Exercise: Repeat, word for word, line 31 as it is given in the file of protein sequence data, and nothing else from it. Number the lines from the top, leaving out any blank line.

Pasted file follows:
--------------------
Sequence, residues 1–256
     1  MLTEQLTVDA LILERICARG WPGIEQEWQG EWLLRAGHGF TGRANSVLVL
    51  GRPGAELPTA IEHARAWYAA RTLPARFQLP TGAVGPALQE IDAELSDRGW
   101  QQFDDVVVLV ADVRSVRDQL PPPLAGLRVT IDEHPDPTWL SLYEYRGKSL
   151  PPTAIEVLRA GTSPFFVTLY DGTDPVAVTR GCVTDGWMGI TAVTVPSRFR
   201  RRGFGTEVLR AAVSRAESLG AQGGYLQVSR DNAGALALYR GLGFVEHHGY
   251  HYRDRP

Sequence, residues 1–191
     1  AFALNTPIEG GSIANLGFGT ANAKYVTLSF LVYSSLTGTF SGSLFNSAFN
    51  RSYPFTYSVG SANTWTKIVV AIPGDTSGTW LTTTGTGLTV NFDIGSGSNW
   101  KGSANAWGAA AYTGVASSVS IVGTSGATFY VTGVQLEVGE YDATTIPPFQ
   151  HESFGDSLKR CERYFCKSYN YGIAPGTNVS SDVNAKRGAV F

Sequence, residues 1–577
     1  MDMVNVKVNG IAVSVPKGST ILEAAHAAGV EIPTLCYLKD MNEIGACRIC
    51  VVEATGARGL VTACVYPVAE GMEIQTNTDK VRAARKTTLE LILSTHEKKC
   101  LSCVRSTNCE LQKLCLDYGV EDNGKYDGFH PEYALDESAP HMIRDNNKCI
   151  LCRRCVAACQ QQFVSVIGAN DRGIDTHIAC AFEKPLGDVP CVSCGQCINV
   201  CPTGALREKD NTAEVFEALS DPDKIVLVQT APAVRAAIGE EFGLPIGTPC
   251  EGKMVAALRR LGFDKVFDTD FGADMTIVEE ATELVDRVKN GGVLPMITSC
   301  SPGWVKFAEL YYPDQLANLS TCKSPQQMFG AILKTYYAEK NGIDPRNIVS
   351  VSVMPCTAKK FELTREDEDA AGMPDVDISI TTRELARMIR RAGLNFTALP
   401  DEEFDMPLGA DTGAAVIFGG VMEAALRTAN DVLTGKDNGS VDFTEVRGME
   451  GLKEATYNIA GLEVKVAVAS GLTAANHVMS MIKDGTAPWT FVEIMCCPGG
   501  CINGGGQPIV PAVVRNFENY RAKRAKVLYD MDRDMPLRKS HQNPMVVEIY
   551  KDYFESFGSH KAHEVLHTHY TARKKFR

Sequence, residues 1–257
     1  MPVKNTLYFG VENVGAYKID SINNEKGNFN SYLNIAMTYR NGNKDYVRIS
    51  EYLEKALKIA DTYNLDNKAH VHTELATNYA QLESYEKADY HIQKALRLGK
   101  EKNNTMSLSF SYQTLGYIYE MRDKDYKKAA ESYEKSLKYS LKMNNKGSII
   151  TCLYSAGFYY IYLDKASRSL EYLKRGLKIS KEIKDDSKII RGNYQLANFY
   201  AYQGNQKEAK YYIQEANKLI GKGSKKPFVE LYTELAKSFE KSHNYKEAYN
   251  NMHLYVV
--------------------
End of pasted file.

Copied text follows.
   201  AYQGNQKEAK YYIQEANKLI GKGSKKPFVE LYTELAKSFE KSHNYKEAYN